Passive-margin prolonged volcanism, East Australian Plate: Outbursts, progressions, plate controls and suggested causes
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Sutherland, FL and Graham, IT and Meffre, S and Zwingmann, H and Pogson, RE, Passive-margin prolonged volcanism, East Australian Plate: Outbursts, progressions, plate controls and suggested causes, Australian Journal of Earth Sciences, 59, (7) pp. 983-1005. ISSN 0812-0099 (2012) [Refereed Article]
Copyright 2012 Geological Society of Australia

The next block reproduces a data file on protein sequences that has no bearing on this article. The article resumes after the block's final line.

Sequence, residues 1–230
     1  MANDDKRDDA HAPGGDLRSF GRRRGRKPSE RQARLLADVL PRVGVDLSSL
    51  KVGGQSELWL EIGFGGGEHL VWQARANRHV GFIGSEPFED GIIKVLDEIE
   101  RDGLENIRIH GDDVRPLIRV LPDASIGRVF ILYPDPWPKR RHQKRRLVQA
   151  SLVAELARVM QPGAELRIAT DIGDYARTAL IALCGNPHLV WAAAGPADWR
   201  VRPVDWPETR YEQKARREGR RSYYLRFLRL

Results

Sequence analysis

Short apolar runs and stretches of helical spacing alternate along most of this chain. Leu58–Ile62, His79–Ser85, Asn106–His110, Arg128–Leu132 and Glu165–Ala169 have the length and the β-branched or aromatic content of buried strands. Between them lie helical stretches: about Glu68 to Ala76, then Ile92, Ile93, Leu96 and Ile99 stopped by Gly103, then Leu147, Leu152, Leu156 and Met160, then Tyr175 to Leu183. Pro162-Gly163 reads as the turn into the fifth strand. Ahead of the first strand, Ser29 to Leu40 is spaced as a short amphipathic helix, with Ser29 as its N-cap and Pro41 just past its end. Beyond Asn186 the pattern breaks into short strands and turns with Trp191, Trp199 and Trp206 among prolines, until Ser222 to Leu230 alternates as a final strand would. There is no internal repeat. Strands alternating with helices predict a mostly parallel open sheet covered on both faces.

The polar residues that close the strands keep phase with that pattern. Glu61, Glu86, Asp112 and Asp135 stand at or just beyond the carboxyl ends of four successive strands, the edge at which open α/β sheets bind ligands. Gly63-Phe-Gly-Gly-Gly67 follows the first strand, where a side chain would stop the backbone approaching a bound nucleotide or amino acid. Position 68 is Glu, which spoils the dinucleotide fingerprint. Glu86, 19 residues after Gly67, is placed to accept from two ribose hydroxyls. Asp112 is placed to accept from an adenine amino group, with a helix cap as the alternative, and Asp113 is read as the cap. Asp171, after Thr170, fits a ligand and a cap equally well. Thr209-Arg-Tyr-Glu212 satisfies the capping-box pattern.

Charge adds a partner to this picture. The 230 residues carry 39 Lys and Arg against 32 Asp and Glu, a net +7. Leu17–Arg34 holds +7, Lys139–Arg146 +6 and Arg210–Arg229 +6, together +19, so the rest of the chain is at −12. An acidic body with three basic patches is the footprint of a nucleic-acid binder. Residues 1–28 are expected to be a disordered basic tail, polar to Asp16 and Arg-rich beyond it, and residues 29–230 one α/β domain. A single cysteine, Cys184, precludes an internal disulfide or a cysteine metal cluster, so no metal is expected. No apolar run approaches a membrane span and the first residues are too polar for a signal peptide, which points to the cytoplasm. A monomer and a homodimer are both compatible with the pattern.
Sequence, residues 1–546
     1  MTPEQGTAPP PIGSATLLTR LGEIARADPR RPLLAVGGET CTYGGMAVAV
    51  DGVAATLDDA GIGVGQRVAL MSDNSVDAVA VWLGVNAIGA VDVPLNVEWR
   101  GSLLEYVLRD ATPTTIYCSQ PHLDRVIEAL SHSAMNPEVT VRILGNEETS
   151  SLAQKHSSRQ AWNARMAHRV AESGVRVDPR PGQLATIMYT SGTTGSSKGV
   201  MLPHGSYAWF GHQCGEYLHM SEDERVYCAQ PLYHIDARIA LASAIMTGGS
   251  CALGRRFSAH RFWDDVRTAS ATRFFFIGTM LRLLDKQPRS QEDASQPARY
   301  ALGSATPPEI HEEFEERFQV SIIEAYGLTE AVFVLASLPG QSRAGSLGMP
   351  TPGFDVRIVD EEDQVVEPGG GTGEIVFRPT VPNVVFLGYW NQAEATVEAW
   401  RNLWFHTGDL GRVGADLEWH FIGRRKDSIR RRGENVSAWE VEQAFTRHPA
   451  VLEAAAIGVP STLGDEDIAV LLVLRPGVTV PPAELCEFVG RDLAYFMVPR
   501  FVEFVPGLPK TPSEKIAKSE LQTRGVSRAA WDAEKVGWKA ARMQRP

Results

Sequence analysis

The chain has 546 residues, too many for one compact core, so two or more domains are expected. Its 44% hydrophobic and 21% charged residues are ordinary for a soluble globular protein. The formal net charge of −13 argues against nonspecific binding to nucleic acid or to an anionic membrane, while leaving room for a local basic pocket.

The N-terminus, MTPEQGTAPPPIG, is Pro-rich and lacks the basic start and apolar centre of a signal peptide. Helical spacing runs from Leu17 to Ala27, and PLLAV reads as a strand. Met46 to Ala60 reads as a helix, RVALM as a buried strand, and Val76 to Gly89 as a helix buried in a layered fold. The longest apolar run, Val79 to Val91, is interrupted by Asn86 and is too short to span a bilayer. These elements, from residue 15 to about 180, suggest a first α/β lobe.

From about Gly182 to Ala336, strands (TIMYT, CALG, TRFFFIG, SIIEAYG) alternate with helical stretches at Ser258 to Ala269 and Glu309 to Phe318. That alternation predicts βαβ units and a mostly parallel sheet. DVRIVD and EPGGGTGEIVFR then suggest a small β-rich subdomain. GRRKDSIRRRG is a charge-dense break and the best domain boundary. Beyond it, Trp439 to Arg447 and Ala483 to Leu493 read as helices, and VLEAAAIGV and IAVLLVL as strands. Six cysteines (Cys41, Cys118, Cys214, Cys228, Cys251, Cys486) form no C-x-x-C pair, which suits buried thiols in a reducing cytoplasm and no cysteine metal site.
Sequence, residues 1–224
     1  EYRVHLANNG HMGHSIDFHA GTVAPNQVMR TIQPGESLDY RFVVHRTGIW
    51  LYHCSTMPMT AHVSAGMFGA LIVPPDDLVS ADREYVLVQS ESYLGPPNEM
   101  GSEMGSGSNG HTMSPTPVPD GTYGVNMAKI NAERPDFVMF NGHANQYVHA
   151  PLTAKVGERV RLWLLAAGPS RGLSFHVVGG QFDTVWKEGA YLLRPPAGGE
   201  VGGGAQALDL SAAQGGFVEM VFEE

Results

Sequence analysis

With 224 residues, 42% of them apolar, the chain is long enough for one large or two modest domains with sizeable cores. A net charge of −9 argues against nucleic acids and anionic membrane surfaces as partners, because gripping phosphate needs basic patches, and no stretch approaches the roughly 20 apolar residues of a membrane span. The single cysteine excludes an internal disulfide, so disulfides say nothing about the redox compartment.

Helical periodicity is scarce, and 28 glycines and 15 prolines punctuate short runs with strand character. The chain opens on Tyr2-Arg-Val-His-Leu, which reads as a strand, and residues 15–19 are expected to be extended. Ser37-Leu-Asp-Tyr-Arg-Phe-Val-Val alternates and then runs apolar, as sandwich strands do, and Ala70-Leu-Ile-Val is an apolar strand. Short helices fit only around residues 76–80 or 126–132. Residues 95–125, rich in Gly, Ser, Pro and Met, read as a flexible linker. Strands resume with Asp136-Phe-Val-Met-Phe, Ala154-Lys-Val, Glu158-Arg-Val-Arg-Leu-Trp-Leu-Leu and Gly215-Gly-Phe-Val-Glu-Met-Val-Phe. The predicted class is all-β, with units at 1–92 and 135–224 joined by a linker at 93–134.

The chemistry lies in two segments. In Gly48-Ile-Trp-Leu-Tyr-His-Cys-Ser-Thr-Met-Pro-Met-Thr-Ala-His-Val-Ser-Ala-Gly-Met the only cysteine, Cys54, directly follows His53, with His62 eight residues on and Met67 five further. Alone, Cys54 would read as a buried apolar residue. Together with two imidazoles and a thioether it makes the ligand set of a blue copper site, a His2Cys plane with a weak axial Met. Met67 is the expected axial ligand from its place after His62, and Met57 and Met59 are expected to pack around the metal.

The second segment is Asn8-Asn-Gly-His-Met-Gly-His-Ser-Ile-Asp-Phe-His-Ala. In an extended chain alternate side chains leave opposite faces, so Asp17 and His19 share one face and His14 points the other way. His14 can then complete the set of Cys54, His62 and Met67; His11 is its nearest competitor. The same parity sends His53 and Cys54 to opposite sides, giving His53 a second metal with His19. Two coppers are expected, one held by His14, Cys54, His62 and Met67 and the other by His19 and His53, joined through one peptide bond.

Prolonged intraplate volcanism along the 4000 km-long East Australian margin for ca 100 Ma raises many genetic questions. Studies of the age-progressive pulses embedded in general basaltic activity have spawned a host of models. Zircon U-Pb dating of inland Queensland central volcanoes gives a stronger database to consider the structure and origin of Australian age-progressive volcanic chains. This assists appraisal of this volcanism in relation to plate motion and plate margin tectonic models. Inland Queensland central volcanoes progressed south-southeast from 34 to 31 Ma (~5.4 cm/yr) until a surge in activity led to irregular southerly progression 31 to 28 Ma. A new inland southeastern Queensland central volcano line (25 to 22 Ma), from Bunya Mountains to North Main Range, followed 3 Ma behind the adjacent coastal progression. The Australian and Tasman Sea age-progressive chains are compared against recent plate motion modelling (Indian Ocean hotspots). The chain lines differ from general vector traces owing to west-facing swells and cessations in activity. Tectonic processes on the eastern plate margin may regulate these irregularities. These include subduction, rapid roll-back and progressive detachment of the Loyalty slab (43 to 15 Ma). West-flowing Pacific-type asthenosphere, related to perturbed mantle convection, may explain the west-facing volcanic surges. Such westward Pacific flow for over 28 Ma is known at the Australian-Antarctic Discordance, southeast of the present Australian plume sites under Bass Strait-West Tasman Sea. Most basaltic activity along eastern Australia marks asthenospheric melt injections into Tasman rift zone mantle and not lithospheric plate speed. The young (post-10 Ma) fields (Queensland, Victoria-South Australia) reflect new plate couplings, which altered mantle convection and stress regimes. These areas receive asthenospheric inputs from deep thermal zones off northeast Queensland and under Bass Strait. © 2012 Copyright Taylor and Francis Group, LLC.
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